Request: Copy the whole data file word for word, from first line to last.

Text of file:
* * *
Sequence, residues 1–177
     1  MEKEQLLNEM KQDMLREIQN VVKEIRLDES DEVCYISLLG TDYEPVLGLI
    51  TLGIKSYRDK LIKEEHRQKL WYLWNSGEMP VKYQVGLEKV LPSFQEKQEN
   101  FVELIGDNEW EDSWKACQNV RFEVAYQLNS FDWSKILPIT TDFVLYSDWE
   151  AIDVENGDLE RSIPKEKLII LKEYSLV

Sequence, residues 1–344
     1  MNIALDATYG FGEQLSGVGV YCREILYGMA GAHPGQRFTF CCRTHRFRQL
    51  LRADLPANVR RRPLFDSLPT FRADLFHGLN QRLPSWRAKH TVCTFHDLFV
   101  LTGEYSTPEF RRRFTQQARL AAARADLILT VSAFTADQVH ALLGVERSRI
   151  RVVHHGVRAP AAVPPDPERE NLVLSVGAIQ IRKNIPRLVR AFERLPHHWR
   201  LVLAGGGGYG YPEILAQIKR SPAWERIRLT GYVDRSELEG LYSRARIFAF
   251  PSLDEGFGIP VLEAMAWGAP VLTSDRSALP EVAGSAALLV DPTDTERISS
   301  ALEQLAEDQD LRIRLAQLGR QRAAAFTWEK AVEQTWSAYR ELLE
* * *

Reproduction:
Sequence, residues 1–177
     1  MEKEQLLNEM KQDMLREIQN VVKEIRLDES DEVCYISLLG TDYEPVLGLI
    51  TLGIKSYRDK LIKEEHRQKL WYLWNSGEMP VKYQVGLEKV LPSFQEKQEN
   101  FVELIGDNEW EDSWKACQNV RFEVAYQLNS FDWSKILPIT TDFVLYSDWE
   151  AIDVENGDLE RSIPKEKLII LKEYSLV

Sequence, residues 1–344
     1  MNIALDATYG FGEQLSGVGV YCREILYGMA GAHPGQRFTF CCRTHRFRQL
    51  LRADLPANVR RRPLFDSLPT FRADLFHGLN QRLPSWRAKH TVCTFHDLFV
   101  LTGEYSTPEF RRRFTQQARL AAARADLILT VSAFTADQVH ALLGVERSRI
   151  RVVHHGVRAP AAVPPDPERE NLVLSVGAIQ IRKNIPRLVR AFERLPHHWR
   201  LVLAGGGGYG YPEILAQIKR SPAWERIRLT GYVDRSELEG LYSRARIFAF
   251  PSLDEGFGIP VLEAMAWGAP VLTSDRSALP EVAGSAALLV DPTDTERISS
   301  ALEQLAEDQD LRIRLAQLGR QRAAAFTWEK AVEQTWSAYR ELLE